EDITORIALS

Pay the Maine nursing homes, but don’t forget the fight to keep seniors independent

Residents of the Friendship Village retirement home pet a miniature horse called Turnabout while others observe on July 19, 2014, in Schaumburg, Illinois.
Kristan Lieb | MCT
Residents of the Friendship Village retirement home pet a miniature horse called Turnabout while others observe on July 19, 2014, in Schaumburg, Illinois.
Posted Aug. 01, 2014, at 2:01 p.m.
Last modified Aug. 01, 2014, at 2:27 p.m.

The emphasis in recent weeks on directing additional funds to Maine’s nursing homes highlights a disconnect between where policymakers such as Gov. Paul LePage are focusing their attention and what older adults in Maine actually want.

By and large — and this isn’t surprising — older adults in Maine want to remain in their own homes as long as possible as they age.

AARP Maine recently commissioned a poll of 2,000 Maine residents age 50 and older to gauge the issues and concerns they’re thinking about as they make their voting decisions this fall. Eighty percent of respondents — four out of five — said it’s extremely or very important that they remain at home as they age.

That desire informs a number of policy preferences for the voters AARP surveyed. Three-quarters of those polled said elected officials should make funding for services that help them stay at home — home health care and transportation, for example — a high priority.

Nearly 80 percent of voters 50 and older, according to the poll, are likely to vote for a candidate who devotes attention to ensuring older Maine residents can afford to remain in their homes as they age. And those polled by AARP are civically engaged: Ninety-three percent said they voted either in all elections or most.

Meanwhile, Maine has a nursing home funding situation that needs to be fixed, and the attention paid to the plight of nursing homes by LePage and Republican legislative leaders has intensified the discussion to an all-consuming crisis level.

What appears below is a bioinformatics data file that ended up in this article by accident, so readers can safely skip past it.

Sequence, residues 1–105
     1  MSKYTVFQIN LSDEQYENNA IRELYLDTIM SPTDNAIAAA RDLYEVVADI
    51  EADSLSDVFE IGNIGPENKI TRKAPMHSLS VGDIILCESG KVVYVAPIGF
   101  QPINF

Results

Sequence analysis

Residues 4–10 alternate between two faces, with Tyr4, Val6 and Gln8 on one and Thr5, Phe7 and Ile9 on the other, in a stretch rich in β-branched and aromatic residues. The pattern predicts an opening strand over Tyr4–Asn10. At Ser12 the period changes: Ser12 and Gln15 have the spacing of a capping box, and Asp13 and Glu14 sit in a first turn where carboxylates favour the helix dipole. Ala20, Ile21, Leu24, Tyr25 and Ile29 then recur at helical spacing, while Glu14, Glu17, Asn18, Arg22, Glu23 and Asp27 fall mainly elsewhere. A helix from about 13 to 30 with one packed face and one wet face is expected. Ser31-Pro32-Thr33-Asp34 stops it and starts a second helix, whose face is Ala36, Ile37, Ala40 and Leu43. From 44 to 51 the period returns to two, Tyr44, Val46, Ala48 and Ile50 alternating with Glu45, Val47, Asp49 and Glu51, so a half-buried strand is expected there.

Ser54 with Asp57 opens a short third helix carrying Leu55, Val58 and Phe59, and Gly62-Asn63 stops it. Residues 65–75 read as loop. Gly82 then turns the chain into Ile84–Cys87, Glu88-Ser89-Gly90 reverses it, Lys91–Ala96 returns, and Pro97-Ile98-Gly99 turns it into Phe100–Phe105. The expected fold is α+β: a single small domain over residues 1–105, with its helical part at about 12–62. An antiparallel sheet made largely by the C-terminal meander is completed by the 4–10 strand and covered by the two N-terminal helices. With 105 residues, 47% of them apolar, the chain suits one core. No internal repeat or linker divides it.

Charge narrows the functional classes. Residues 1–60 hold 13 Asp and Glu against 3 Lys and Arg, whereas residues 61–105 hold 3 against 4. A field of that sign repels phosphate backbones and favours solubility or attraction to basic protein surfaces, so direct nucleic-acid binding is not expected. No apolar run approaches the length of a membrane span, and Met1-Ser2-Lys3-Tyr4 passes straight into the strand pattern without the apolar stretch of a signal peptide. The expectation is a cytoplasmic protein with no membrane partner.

Nursing homes play a critical role in our society in ensuring the health and safety of some of the state’s oldest residents with limited ability to take care of themselves. Maine’s nursing homes will remain a critical part of Maine’s long-term care system.

But there’s already been a shift away from nursing home care, both in Maine and nationally. In the 1990s, Maine had about 10,000 nursing home beds across the state. Today, the number is about 7,000. And nationally, the number of nursing homes fell 5.3 percent between 2002 and 2011, according to the federal Center for Medicare and Medicaid Services. Occupancy rates slipped in that time, even with fewer homes.

In Maine, much of the shift away from nursing homes occurred in the 1990s as the state set stricter nursing home admission standards, and more older adults transitioned to assisted living facilities that provide a less intensive level of care. But states also are using more of their Medicaid funds to pay for long-term care services delivered at home. In 1995, states spent 20 percent of their Medicaid long-term care funds on home- and community-based services, according to the Kaiser Family Foundation. By 2011, that percentage had risen to 45 percent.

Delivering long-term care services at home isn’t just popular among older residents, it’s more cost-effective for the taxpayers who are often footing the bill through Medicaid. According to AARP, the cost of a year of nursing home care in Maine amounts to 303 percent of the median household income for someone 65 or older compared with 96 percent for home-based care.

Maine and other states have been making progress in delivering more long-term care at home, but more needs to be done. As the state ages even more, older residents will need to have viable care options that allow them to stay at home and delay the need for nursing home care.

Maine House Speaker Mark Eves, D-North Berwick, in January convened a roundtable on aging to start devising plans on delivering long-term care for an aging population — from boosting the ranks of direct care workers and their pay to assembling volunteer-based transportation networks to rethinking communities’ infrastructure so it’s more “age-friendly.” Sen. Susan Collins also has spoken about the need to help family caregivers care for older adults in their family at home.

With this level of political consensus, Maine should be able to make more headway in allowing seniors to remain at home longer. While additional funding for nursing homes is critical, so are creative solutions to help an aging population.

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